Arylpiperazine Dopamineric Ligands Protect Neuroblastoma Cells from Nitric Oxide (NO)-Induced Mitochondrial Damage and Apoptosis

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DOI: 10.1002/cmdc.201100537

Arylpiperazine Dopamineric Ligands Protect Neuroblastoma Cells from Nitric Oxide (NO)-Induced Mitochondrial Damage and Apoptosis Gordana Tovilovic,[a] Nevena Zogovic,[a] Ljubica Harhaji-Trajkovic,[a] Maja MisirkicMarjanovic,[a, b] Kristina Janjetovic,[a, b] Ljubica Vucicevic,[a, b] Sladjana Kostic-Rajacic,[c] Andre Schrattenholz,[d] Aleksandra Isakovic,[e] Vukic Soskic,*[d] and Vladimir Trajkovic*[b] The protective ability of novel arylpiperazine-based dopaminergic ligands against nitric oxide (NO)-mediated neurotoxicity is investigated. The most potent neuroprotective arylpiperazine identified during the study was N-{4-[2-(4-phenyl-piperazin-1yl)ethyl]-phenyl}picolinamide, which protected SH-SY5Y human neuron-like cells from the proapoptotic effect of NO donor sodium nitroprusside (SNP) by decreasing oxidative stress, mitochondrial membrane depolarization, caspase activation and subsequent phosphatydilserine externalization/DNA fragmen-

tation. The protective effect was associated with the inhibition of proapoptotic (JNK, ERK, AMPK) and activation of antiapoptotic (Akt) signaling pathways, in the absence of interference with intracellular NO accumulation. The neuroprotective action of arylpiperazines was shown to be independent of dopamine receptor binding, as it was not affected by the high-affinity D1/ D2 receptor blocker butaclamol. These results reported support the further study of arylpiperazines as potential neuroprotective agents.

Introduction Nitric oxide (NO) is a gaseous free radical that can freely diffuse through biological membranes. It is synthesized through sequential oxidation of l-arginine to l-citrulline; a process catalyzed by nitric oxide synthase (NOS). Three different forms of NOS—endothelial (e), neuronal (n) and inducible (i), have been identified. eNOS and nNOS are constitutively expressed and generate physiologically vital amounts of NO involved in maintenance of vascular tone and regulation of neurotransmission.[1] iNOS, on the other hand, produces much larger (nanomolar) amounts NO in response to various proinflammatory stimuli, which in the brain represent a defensive mechanism against certain infectious pathogens.[2] However, the overproduction of NO by iNOS has been strongly linked to neuroinflammation and neurodegeneration associated with traumatic/ ischemic injuries, Alzheimer’s, Parkinson’s and Krabbe’s diseases, as well as with demyelinating disorders such as multiple sclerosis, periventricular leukomalacia and adrenoleukodystrophy.[2] NO-mediated cell damage is a consequence of its highly reactive nature. It reacts with superoxide radicals to generate reactive nitrogen species (RNS), such as dinitrogen trioxide (N2O3) and peroxynitrite (ONOO), causing toxicity through complexation with iron in iron-containing enzyme systems,[3] oxidation of protein sulfydryl groups,[4] nitration of proteins, nitrosylation of nucleic acids, and DNA strand breaks.[5] The main outcome of excessive NO production is apoptotic death of various cell types, including neurons.[6] The N-arylpiperazine subunit can be found in a variety of pharmacologically interesting compounds, including those that act as dopamine and serotonin ligands, calcium blockers, antipsychotic agents, antihypertensive drugs, and acetylcholinChemMedChem 2012, 7, 495 – 508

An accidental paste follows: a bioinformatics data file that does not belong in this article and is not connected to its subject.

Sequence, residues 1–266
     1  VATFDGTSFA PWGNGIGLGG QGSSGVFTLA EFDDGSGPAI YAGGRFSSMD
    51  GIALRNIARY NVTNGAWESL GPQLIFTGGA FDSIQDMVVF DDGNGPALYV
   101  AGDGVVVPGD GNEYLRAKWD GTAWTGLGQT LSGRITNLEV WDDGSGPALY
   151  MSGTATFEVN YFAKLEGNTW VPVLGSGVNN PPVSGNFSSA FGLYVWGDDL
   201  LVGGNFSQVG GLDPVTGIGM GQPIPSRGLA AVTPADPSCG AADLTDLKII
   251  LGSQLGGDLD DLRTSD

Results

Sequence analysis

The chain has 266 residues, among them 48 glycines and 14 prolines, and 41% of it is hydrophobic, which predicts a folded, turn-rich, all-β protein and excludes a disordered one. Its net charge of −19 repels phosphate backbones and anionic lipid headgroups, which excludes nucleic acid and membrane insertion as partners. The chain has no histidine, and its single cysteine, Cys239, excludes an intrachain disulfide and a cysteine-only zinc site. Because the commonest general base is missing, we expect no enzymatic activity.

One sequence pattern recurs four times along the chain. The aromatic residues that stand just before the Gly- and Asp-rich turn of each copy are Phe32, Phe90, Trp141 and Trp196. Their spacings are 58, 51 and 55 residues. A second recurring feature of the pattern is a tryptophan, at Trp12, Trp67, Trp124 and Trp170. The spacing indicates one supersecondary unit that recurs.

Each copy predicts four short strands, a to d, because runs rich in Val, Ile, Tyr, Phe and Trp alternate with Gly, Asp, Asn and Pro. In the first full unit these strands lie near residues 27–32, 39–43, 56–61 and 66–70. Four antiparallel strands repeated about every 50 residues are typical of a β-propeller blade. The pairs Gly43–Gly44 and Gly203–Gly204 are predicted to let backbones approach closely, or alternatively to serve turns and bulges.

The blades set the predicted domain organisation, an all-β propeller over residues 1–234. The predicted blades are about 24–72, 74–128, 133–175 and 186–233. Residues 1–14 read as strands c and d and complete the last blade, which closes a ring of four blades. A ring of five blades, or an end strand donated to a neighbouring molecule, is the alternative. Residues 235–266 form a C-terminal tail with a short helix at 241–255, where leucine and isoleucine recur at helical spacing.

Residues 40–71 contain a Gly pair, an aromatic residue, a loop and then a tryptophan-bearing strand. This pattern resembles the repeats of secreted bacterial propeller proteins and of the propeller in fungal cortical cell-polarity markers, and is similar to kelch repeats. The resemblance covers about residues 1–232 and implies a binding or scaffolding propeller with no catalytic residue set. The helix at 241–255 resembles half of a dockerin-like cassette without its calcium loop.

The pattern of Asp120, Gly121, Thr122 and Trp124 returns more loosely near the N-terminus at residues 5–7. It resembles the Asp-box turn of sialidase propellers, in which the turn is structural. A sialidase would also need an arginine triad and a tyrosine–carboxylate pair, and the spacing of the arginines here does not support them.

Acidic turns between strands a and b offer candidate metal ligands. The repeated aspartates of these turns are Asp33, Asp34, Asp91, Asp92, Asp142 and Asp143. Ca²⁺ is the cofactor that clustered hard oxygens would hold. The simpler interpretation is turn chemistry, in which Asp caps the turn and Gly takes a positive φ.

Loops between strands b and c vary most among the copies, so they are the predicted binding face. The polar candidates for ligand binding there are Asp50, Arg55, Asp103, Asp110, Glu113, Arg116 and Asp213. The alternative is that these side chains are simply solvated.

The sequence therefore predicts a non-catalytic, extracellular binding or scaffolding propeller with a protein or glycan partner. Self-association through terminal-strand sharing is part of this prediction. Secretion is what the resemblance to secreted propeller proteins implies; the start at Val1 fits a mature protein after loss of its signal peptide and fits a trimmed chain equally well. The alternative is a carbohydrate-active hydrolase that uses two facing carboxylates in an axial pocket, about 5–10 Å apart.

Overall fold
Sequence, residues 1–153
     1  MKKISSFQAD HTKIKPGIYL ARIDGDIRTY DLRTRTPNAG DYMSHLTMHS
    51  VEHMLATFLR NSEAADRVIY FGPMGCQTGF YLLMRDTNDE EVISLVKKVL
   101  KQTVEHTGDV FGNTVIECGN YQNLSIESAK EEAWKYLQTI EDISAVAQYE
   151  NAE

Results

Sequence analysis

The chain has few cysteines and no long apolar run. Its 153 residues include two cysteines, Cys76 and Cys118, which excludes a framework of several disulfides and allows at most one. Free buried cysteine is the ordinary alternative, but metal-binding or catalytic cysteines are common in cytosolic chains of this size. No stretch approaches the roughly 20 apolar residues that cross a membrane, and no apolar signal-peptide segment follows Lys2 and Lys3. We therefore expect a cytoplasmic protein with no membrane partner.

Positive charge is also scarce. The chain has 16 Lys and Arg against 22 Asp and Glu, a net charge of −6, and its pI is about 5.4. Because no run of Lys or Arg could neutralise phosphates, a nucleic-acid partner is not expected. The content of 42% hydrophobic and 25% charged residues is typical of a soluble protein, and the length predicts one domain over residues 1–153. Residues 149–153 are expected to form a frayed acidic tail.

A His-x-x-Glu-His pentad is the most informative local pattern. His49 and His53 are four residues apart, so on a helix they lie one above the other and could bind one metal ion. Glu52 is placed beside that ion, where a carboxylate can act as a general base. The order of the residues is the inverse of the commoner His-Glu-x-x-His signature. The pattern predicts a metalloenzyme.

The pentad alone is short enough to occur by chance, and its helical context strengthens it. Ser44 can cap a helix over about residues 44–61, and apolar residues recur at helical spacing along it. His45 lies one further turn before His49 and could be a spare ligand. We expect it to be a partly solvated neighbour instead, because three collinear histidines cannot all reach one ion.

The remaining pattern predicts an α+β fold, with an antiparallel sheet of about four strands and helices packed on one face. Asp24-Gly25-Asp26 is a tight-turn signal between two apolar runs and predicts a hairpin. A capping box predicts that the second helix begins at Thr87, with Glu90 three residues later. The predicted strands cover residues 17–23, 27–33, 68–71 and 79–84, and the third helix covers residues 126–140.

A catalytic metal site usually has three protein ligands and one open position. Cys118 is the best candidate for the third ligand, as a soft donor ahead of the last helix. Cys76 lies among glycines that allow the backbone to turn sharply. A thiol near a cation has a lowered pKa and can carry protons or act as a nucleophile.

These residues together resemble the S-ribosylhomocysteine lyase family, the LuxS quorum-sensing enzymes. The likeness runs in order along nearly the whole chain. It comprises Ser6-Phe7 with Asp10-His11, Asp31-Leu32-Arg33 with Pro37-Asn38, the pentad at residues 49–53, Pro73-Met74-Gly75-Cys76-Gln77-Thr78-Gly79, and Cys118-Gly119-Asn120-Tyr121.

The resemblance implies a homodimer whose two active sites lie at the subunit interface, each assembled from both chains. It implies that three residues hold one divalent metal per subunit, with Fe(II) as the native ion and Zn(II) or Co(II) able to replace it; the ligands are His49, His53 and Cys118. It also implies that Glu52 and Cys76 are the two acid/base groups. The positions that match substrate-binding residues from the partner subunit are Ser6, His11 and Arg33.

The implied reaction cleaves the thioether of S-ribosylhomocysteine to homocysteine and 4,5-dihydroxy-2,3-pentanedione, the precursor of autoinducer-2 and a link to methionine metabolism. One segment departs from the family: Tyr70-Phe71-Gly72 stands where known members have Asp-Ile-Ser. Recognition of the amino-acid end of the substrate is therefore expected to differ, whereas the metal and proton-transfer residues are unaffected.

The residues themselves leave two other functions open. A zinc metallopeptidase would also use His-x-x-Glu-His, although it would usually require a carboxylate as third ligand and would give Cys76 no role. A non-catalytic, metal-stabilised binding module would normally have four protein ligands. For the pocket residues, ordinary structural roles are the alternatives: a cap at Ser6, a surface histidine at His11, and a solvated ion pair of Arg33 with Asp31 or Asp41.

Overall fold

esterase inhibitors.[7] Dopamine receptor ligands used for symptomatic therapy of Parkinson’s disease show neuroprotective effects under a variety of neurodegenerative conditions,[8–14] and the neuroprotective action of dopamine D1 antagonists has also been demonstrated.[15] Although some of the reported effects have been directly linked to the binding to dopamine receptors,[8] it appears that non-receptor-dependent pathways could also be involved.[16–18] Non-receptor-mediated neuroprotection by dopaminergic ligands may include free-radical scavenging activity against hydroxyl radicals and NO,[19, 20] and subsequent prevention of neuronal mitochondrial damage and apoptosis.[21, 22] To the best of our knowledge, the [a] G. Tovilovic, Dr. N. Zogovic, Dr. L. Harhaji-Trajkovic, M. Misirkic-Marjanovic, K. Janjetovic, L. Vucicevic Institute for Biological Research, University of Belgrade Despot Stefan Blvd 142, 11000 Belgrade (Serbia) [b] M. Misirkic-Marjanovic, K. Janjetovic, L. Vucicevic, Prof. V. Trajkovic Institute of Microbiology and Immunology School of Medicine, University of Belgrade Dr. Subotica 1, 11000 Belgrade (Serbia) E-mail: [email protected] [c] Dr. S. Kostic-Rajacic Center for Chemistry, Institute for Chemistry, Technology and Metallurgy University of Belgrade, Njegoseva 12, 11000 Belgrade (Serbia) [d] Prof. A. Schrattenholz, Prof. V. Soskic ProteoSys AG Carl-Zeiss-Strasse 51, 55129 Mainz (Germany) E-mail: [email protected] [e] Prof. A. Isakovic Institute of Medical and Clinical Biochemistry School of Medicine, University of Belgrade Pasterova 2, 11000 Belgrade (Serbia)

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